As retail stores face increased competition with online shopping, they need to think of clever tactics to engage with their customers in ways that the internet can’t. Managing Director of Brand Dimensions Kris Willand shares his thoughts on why retail has to become more experiential in order to succeed.
The days of having a simple shop front with products on display and hoping the customers will come are long gone. Retailers now need to offer something extra, something interesting or something unique to shopping in a physical store.
The retail space is becoming more like an exhibition or event space, meaning that the objective of a retail space is no longer about just putting products on display, it’s about making them come alive.
People will always seek social interaction and the opportunity to experience a product before parting with their money.
Today’s customers are also more curious and want to know more about the story behind a product, where it has come from and what the brand stands for before making a buying decision.
Bricks-and-mortar stores therefore need to shift from a browsing model to an experiential model.
Here are 3 reasons why retail stores need to become more experiential:
1. Nothing beats personal interaction
While online shopping is becoming increasingly popular, retail stores need to ask themselves what kind of experience they can offer their customers that the internet can’t.
A retail store can offer the kind of personal interaction the internet fails to provide. If a customer is looking to speak to a real person to gain sound product or technical advice to help them make a purchasing decision, they can do so in a retail store.
Browsing and buying products online is not the same as standing with someone in a retail store who knows a product inside out and can explain it to you.
This means that the staffing quality in a retail space is now more vital than ever.
It’s not good enough for a retail staff member to rattle off the specifications of a product or show a customer a catalogue of products – that can all be done on the internet. The retail space has to go beyond that.
2. It’s no longer about the transaction
The transactional component of retail has changed completely.
In the past, the main element of a retail store was a big counter with a till where the transaction occurred. Nowadays, these transactions can be done a lot faster online, without the need to stand in line.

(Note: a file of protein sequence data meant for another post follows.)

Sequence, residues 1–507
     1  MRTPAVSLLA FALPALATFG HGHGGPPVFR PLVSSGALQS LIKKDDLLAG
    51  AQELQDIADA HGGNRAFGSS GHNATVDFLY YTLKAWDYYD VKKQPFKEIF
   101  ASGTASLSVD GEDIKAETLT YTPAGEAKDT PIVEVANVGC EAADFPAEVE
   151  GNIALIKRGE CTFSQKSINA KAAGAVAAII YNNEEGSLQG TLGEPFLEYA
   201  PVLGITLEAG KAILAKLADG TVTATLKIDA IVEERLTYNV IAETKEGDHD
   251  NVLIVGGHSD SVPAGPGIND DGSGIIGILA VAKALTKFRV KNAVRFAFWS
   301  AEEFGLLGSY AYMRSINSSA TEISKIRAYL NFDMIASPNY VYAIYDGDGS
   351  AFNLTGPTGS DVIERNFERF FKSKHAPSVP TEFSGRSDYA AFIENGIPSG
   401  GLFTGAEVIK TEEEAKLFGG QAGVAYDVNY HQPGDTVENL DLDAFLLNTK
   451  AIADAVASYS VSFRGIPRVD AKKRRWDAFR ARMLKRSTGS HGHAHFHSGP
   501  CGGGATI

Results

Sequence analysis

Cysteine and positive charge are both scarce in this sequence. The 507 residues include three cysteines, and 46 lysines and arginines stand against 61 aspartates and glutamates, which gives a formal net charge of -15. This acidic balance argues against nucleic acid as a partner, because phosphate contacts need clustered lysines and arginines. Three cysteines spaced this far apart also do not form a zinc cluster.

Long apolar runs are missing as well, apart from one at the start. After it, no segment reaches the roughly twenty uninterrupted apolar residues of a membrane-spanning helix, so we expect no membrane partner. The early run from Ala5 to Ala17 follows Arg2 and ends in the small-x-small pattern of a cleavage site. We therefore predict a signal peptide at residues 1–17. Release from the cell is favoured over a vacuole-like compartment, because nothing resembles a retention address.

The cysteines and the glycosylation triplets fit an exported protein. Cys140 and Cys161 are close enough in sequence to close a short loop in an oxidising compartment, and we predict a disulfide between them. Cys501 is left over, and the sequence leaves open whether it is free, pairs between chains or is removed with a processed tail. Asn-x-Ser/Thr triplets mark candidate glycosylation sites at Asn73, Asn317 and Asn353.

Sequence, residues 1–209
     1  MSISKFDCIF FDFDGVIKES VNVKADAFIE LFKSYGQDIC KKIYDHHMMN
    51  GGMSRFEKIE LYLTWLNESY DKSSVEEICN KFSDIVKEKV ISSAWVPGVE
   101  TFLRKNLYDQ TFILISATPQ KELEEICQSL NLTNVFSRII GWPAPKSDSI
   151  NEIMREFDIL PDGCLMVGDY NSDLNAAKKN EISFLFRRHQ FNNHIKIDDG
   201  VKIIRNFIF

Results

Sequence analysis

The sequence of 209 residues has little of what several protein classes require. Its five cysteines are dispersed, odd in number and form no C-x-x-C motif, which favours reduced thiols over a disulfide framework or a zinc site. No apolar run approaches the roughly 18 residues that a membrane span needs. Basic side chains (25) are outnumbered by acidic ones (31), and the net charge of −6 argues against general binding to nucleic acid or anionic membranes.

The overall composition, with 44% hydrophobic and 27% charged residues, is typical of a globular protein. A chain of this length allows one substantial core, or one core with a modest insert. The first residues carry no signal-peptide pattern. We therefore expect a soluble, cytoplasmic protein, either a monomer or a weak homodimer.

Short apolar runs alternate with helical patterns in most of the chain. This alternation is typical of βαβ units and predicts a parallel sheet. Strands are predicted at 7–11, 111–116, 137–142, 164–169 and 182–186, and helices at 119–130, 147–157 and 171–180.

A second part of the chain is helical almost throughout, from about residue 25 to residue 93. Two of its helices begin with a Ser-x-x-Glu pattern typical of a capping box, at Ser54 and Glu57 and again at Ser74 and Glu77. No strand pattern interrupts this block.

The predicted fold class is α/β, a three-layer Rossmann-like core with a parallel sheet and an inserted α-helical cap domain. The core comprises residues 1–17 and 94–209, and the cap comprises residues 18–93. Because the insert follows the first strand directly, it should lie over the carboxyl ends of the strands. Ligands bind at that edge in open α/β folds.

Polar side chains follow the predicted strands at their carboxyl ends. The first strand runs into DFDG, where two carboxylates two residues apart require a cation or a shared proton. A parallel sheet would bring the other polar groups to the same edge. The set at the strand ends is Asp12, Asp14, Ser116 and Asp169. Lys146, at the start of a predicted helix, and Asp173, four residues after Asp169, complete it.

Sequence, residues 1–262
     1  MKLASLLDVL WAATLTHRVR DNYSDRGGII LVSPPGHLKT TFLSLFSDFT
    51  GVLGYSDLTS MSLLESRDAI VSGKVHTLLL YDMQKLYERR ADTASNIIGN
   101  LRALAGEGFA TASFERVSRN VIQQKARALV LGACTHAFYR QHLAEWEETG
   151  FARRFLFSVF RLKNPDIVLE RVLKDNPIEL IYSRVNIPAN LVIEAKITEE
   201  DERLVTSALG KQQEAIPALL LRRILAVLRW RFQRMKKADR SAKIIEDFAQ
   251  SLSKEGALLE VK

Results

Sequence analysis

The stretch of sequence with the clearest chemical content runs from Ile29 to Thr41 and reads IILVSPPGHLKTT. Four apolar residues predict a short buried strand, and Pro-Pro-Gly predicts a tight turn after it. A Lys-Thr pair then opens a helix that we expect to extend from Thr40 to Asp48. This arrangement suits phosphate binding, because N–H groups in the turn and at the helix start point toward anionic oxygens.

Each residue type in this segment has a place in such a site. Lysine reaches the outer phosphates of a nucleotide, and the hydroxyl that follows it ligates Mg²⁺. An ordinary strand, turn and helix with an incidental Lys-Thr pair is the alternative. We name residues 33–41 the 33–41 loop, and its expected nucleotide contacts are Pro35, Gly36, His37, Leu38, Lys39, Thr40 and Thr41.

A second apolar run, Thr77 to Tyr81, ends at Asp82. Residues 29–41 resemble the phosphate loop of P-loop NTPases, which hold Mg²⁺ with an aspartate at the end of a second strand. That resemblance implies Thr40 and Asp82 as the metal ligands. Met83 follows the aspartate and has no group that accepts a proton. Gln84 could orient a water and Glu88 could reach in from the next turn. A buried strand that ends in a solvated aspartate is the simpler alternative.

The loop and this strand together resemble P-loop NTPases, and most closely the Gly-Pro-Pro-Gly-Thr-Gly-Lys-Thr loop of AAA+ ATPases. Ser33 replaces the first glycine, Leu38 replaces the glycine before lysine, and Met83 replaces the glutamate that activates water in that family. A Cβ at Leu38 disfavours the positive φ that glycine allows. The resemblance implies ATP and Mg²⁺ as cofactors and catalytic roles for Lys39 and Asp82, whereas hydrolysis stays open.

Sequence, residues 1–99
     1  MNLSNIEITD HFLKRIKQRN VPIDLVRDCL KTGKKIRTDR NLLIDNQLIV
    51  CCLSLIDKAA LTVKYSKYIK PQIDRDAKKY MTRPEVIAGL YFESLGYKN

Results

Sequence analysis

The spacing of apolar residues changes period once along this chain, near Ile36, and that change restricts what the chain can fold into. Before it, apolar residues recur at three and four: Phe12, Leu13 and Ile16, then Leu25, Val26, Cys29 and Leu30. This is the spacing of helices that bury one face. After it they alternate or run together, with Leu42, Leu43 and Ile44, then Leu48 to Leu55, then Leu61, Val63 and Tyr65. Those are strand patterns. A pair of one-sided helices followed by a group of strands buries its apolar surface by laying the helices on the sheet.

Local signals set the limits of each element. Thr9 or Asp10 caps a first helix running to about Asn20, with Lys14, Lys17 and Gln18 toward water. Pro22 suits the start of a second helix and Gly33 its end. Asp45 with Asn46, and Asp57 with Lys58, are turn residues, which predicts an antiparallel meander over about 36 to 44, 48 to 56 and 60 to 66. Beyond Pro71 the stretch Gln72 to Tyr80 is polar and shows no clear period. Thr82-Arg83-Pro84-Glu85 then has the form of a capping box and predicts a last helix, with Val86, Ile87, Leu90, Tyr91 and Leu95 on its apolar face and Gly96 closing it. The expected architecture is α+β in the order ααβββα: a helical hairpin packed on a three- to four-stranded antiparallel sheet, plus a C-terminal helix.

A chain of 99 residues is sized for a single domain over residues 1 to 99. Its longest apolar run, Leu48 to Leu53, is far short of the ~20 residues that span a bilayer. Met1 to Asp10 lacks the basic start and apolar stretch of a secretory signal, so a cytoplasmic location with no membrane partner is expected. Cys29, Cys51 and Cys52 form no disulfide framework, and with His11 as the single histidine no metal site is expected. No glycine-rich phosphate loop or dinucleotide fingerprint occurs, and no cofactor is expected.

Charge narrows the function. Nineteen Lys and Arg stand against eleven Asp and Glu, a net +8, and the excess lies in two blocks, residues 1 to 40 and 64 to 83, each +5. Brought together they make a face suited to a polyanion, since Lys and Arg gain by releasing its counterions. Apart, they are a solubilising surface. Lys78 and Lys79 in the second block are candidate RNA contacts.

In an Apple retail store, for instance, you won’t find a till. The transactions are made face-to-face with the customer via portable, handheld point-of-sale machines. Their Genius Bar also offers personal interaction where customers can engage with Apple staff for technical support, repairs and free product workshops.
When you first walk into a T2 tea store, you are welcomed by the tasting table in the centre of the shop. Customers are welcome to taste T2’s tea products while they enjoy the store space. They’ve created a three-dimensional environment that customers want to explore.
For Nespresso stores, it’s all about experiencing the smell and taste of coffee. They give visitors a free coffee to enjoy while they browse products in store. And there’s no pressure to make a purchase then and there – the approach of the Nespresso staff is simply to hand customers a coffee and have a chat. It’s such an impressive experience.
Successful retailers of the future will be the ones that can offer a pleasant or entertaining experience to their customers, using sensory tactics to connect with people on an emotional level.
Additionally, every good retail store should be supported by a sound online presence. Retail was previously seen as a single-lane interaction with the customer. Now it has become a dual-lane interaction, where you have the physical store supported by a functional online component. It’s about merging the experience and service you can get in store with a seamless online presence.
3. Service stands out
Providing services in the retail space that are not readily available online is another way to compete.
Fashion stores will always have a place as a physical retail store because people can try on items of clothing before buying them. This is not something that can be done on the internet.
Even though a lot of people buy clothing online, that experience doesn’t compare to being able to try on the clothes, feeling the fabric and seeing how it fits before making the purchase.
The Athlete’s Foot has huge buy-in from their customers because of their personalised, in-store fitting service, Fitzi. Customers need to physically visit a store and have their feet assessed through a platform and screens that measure the shape and size of their feet, their pressure points and even their walking style. It’s a level of service that cannot be offered online and this is why, I believe, stores like this will continue to do well.
It’s all about the experience
In summary, the retail environment is moving away from a simple browsing and purchasing model to more of an experiential model. People like to touch, hold, feel and experience a product before they buy it.
People need to engage and experience, that’s what makes us human. And offering a unique or interesting experience in a retail space is, without a doubt, the best way to offer customers something they cannot find elsewhere.